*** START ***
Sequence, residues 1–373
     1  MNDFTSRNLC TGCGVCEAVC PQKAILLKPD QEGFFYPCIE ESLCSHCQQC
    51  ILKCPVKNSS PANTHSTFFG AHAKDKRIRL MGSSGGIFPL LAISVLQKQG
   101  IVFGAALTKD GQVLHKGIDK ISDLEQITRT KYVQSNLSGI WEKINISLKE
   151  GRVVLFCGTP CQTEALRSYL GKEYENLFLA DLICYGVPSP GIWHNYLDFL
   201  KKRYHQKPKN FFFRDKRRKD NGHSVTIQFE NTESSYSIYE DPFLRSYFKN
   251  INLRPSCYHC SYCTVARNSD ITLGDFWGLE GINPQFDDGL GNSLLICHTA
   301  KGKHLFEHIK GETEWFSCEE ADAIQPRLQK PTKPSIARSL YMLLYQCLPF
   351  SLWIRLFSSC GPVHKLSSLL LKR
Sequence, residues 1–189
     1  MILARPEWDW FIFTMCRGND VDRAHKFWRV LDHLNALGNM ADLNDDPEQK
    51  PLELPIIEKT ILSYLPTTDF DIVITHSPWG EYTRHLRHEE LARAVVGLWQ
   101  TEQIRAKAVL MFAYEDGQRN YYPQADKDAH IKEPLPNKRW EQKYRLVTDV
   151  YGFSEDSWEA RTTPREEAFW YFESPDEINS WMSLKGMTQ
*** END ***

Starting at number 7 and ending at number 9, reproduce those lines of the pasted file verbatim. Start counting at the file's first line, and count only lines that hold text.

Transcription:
   251  INLRPSCYHC SYCTVARNSD ITLGDFWGLE GINPQFDDGL GNSLLICHTA
   301  KGKHLFEHIK GETEWFSCEE ADAIQPRLQK PTKPSIARSL YMLLYQCLPF
   351  SLWIRLFSSC GPVHKLSSLL LKR